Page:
It is obvious that the exchange rate pass-through is at its peak as regards producers’ prices. Food and transportation prices spiked in the latest print, but this is also related to the exchange rate movement. Unless the lira gains value and the tax component of prices is adjusted downwards – a subsidy - I don’t expect inflation to fall drastically in H2 2018 either. The pass-through is both higher than yesteryear’s coefficient and it is instantaneous – for producers’ prices. The June print is also likely to be high. The producers’ prices graphic shows that such prices go up hand-inhand with the exchange rate and reached the peak level of the last 15 years. Furthermore, oil price hikes have not been fully reflected on consumer prices. The question is: at what speed inflation can fall after its peak level of 14-15 percent over the remainder of the year? This will bear on the equilibrium exchange rate. One way is to wait and see, in which case prices will automatically adjust, demand will fall, and asset prices may slide down echoing unpleasant expectations. The MSCI-Turkey spread already depicts such a
movement – since mid-April. It is still possible to maintain a growth rate of 4.7-5.2 percent on account of the first and second quarters expected high growth rates, but H2 will look completely different than H1. Inflation has become a key variable for asset pricing also.
What to do after the elections no matter who wins? There have been three serious programs in the last 60 years or so. The switch to import substitution and indicative planning in the early 1960s was one. Big names such as Kaldor and Tinbergen came here as consultants at that time although it isn’t clear to what extent their advice was implemented. Planning had a positive effect though. 1965 was the first peak year when GDP per capita rose significantly, but momentum was immediately lost. A momentum of the same magnitude was observed around 1973 due to sharply rising workers’ remittances. 197377 was an interesting period: the consequences of the oil shock were not translated into domestic prices, and the Cyprus Operation took place. The U.S. embargo took off in 1975. 1977-80 witnessed the slippery slope toward the economic decisions of January 24, 1980 and the coup d’état. The economy dived down and rebounded after Ozal. This momentum ended in 1989, and the capital account was opened up. The second through, though not as deep as 1980, occurred in 2001. As the AKP decided to implement the Derviş-IMF program in 2003, the economy jump-started in a way reminiscent of Ozal’s heyday. The AKP momentum died off in 2006. The third through entered after Lehman. The amplitude was not as large as the previous two crises, but it was every bit as real. After 2008, per capita income flattened.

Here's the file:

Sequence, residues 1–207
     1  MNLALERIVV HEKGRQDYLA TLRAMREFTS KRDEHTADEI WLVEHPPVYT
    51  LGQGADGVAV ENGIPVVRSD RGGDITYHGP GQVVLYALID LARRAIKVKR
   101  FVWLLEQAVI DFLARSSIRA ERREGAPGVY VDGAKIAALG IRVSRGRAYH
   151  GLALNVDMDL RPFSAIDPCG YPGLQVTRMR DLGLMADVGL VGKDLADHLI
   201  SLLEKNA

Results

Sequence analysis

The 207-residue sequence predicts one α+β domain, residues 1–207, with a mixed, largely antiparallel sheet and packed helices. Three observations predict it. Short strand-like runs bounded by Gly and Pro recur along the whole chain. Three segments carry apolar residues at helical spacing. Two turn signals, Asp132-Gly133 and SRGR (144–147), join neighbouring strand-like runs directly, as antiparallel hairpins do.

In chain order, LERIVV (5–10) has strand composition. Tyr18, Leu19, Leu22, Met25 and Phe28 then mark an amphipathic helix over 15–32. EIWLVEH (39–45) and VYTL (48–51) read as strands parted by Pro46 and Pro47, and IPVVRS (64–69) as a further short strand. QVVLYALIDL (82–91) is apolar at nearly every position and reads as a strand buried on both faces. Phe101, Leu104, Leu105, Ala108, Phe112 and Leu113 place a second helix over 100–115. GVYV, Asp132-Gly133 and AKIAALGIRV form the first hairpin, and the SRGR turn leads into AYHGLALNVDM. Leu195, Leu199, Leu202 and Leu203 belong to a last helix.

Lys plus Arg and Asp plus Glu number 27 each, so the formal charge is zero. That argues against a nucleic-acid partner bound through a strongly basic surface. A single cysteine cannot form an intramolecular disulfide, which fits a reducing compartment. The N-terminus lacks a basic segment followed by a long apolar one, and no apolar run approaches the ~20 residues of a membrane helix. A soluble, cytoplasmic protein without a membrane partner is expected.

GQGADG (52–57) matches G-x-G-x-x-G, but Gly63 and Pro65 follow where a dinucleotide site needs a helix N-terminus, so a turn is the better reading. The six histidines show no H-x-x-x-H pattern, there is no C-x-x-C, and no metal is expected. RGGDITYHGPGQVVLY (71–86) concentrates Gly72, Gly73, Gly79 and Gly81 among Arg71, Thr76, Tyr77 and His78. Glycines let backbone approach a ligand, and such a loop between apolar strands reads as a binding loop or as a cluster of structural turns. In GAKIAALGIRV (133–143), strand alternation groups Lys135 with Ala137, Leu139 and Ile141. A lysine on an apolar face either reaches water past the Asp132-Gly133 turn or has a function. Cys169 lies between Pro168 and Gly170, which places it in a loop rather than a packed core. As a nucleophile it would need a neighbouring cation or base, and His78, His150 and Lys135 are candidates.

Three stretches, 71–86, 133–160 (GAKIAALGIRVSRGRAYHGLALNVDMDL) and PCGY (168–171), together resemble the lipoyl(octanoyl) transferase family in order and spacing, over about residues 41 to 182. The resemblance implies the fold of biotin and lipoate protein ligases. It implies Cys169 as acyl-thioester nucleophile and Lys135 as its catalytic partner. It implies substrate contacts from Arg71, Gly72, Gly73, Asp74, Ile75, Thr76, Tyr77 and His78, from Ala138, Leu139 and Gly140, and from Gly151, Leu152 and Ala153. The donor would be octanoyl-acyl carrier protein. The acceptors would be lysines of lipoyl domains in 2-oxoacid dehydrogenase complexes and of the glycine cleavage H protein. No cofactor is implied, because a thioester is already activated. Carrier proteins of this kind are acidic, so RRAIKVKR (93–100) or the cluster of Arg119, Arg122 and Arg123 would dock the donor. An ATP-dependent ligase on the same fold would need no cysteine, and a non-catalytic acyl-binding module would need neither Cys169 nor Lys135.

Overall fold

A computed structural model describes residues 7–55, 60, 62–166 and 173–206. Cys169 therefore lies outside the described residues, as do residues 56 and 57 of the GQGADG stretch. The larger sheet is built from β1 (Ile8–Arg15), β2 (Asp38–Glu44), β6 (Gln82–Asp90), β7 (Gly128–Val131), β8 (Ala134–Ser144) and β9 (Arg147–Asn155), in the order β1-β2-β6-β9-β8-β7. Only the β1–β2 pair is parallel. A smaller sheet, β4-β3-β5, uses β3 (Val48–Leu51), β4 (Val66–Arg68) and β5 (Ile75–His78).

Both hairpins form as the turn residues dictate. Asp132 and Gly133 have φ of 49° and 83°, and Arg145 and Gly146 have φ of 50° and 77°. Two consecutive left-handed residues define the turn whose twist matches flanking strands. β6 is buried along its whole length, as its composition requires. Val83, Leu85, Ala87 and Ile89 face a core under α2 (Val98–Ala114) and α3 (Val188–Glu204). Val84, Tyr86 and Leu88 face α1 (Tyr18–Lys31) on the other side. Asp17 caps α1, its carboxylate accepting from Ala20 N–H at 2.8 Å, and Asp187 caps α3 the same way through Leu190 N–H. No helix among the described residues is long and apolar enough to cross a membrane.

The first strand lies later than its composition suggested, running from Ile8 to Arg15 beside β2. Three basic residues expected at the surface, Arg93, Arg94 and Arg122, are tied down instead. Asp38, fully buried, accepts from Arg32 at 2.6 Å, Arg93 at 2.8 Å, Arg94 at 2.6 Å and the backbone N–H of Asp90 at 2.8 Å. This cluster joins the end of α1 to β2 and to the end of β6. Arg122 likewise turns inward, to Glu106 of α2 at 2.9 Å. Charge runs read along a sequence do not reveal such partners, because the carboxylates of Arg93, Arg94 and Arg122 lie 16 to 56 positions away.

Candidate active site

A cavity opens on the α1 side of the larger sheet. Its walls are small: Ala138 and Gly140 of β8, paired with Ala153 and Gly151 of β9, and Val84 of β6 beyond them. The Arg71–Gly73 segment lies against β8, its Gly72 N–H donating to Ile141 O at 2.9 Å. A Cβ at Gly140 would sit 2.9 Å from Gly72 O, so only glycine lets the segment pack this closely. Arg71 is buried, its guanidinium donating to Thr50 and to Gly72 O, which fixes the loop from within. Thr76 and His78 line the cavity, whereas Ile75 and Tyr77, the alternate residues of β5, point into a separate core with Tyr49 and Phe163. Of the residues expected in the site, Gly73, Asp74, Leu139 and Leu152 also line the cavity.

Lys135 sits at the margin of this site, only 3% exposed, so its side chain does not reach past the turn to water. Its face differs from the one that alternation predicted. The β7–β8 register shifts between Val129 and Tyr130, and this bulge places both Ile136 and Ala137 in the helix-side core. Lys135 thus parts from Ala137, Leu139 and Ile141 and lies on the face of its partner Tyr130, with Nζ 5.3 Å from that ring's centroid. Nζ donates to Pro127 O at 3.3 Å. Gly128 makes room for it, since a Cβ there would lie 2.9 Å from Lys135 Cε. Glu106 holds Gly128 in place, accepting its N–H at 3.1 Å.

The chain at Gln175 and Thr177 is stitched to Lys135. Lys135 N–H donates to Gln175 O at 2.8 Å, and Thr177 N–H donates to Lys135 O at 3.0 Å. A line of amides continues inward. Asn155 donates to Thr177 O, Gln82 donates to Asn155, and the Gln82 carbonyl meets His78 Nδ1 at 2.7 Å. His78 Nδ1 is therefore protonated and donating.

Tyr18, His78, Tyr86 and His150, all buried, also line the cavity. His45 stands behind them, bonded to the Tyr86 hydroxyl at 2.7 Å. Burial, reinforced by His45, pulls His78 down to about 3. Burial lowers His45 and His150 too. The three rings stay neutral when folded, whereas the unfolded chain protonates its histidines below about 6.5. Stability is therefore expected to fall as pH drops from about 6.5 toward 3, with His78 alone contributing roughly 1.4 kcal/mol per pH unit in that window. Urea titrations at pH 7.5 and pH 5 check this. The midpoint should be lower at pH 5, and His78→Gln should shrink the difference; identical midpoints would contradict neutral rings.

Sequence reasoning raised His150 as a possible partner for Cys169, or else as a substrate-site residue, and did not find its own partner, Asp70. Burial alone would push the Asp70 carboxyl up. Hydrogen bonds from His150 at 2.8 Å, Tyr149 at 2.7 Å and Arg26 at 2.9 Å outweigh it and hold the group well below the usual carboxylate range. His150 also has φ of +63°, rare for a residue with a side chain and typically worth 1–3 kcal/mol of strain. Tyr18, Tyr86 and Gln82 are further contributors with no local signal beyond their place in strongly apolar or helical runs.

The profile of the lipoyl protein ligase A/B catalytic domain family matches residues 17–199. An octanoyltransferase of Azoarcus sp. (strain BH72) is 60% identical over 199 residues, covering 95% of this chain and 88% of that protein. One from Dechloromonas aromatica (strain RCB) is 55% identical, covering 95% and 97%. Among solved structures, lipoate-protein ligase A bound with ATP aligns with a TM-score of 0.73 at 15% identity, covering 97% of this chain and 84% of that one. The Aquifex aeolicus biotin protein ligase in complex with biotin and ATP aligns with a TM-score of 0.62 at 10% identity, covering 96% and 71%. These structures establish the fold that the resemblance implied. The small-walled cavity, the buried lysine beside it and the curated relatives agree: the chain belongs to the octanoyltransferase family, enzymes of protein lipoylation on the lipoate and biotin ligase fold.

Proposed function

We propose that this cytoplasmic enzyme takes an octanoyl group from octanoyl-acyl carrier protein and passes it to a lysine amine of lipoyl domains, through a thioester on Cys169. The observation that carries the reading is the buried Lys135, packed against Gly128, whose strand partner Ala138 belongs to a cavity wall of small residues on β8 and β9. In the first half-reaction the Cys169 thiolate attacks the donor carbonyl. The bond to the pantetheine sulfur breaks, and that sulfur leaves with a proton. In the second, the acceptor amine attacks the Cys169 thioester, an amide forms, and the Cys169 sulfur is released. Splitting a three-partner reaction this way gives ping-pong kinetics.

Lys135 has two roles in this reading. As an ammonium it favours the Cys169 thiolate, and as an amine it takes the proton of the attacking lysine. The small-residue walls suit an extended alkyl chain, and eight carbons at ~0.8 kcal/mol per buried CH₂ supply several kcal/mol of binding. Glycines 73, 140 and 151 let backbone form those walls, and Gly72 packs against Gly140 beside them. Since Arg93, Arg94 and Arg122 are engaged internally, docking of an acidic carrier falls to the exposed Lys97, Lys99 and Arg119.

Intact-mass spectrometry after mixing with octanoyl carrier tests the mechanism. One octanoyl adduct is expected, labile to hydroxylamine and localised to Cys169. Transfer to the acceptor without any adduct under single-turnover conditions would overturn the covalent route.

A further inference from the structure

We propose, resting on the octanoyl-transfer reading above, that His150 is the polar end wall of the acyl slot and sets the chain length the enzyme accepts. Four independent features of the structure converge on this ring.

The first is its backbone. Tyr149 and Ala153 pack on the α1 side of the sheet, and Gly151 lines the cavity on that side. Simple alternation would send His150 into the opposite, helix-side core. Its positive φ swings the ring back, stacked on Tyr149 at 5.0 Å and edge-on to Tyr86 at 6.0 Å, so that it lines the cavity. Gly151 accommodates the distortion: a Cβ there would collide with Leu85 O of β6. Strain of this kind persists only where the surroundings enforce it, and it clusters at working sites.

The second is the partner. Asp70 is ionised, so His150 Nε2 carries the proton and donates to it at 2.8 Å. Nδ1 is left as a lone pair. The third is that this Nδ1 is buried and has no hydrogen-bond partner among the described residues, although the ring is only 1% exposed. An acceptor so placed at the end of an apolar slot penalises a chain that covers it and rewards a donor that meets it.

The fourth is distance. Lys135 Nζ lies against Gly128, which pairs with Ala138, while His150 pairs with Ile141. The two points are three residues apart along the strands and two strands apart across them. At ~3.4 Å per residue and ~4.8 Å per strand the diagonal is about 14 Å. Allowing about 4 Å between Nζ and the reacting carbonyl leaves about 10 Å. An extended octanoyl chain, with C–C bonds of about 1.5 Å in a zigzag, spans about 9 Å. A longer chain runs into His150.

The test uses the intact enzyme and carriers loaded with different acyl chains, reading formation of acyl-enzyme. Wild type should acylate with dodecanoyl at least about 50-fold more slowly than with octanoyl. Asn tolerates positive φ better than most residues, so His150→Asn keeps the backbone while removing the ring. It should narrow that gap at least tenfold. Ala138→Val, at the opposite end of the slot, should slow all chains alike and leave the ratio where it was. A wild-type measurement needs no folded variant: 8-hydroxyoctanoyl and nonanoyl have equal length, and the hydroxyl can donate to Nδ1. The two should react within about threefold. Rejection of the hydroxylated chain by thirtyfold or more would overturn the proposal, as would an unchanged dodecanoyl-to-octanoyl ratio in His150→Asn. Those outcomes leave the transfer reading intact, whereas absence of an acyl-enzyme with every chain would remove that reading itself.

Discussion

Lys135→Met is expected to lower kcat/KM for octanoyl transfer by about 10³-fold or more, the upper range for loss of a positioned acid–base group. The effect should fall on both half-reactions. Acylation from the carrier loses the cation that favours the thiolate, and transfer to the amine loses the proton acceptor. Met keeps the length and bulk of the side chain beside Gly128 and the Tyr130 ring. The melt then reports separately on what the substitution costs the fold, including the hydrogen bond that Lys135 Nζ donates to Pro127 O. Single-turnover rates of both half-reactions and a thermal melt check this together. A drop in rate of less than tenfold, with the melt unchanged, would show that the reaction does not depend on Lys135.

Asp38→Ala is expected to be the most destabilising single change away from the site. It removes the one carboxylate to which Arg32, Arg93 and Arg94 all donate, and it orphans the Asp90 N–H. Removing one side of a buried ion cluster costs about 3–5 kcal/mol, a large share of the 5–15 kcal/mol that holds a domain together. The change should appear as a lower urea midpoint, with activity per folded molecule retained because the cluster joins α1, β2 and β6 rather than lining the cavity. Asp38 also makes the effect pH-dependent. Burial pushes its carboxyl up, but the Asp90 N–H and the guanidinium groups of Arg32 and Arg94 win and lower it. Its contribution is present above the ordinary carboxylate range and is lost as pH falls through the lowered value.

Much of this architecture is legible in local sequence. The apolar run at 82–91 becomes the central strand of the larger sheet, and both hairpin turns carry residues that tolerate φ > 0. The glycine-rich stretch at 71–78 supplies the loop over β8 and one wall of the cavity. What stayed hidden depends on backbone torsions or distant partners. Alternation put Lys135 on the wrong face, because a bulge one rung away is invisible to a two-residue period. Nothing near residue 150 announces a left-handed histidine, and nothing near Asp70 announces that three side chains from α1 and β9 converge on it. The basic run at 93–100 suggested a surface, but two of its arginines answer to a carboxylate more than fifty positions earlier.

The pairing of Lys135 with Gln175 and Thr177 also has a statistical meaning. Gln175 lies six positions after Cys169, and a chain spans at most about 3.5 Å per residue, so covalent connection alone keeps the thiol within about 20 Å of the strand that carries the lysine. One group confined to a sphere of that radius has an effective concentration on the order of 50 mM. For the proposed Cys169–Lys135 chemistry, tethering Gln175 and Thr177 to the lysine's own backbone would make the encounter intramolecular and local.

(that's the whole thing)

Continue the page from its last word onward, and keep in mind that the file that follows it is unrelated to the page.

Hence: (1) The 1965 momentum was due to import substitution and the first Five Year Indicative Plan but did not last long enough; (2) Switching from import substitution to outward looking policy was debated in 1971, but no decision came out. Instead, in lieu of exports, workers’ remittances entered the picture in 1972. The 1973 momentum was “manna from heaven”; (3) 1980: the beginning of Özal reforms. The whole world outlook changed, and so did the economic spirit. The impetus lasted 9 years; (4) 2001: the end of another era. Derviş stepped in and opened up 5 years of momentum; (5) 2008: the end of the Derviş program. The Turkish economy had already lost stream before Lehman; (6) no new program, no renewed momentum. Per capita income stagnated; (7) The new GDP series changed the picture, but it posed new questions and created more puzzles than it solved.